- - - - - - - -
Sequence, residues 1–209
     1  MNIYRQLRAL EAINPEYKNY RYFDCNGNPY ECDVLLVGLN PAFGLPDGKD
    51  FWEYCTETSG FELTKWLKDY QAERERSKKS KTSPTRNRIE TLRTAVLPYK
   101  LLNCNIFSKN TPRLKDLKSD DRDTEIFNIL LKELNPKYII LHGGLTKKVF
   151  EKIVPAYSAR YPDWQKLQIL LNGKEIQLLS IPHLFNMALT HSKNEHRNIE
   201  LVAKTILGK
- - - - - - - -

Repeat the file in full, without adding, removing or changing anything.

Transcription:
Sequence, residues 1–209
     1  MNIYRQLRAL EAINPEYKNY RYFDCNGNPY ECDVLLVGLN PAFGLPDGKD
    51  FWEYCTETSG FELTKWLKDY QAERERSKKS KTSPTRNRIE TLRTAVLPYK
   101  LLNCNIFSKN TPRLKDLKSD DRDTEIFNIL LKELNPKYII LHGGLTKKVF
   151  EKIVPAYSAR YPDWQKLQIL LNGKEIQLLS IPHLFNMALT HSKNEHRNIE
   201  LVAKTILGK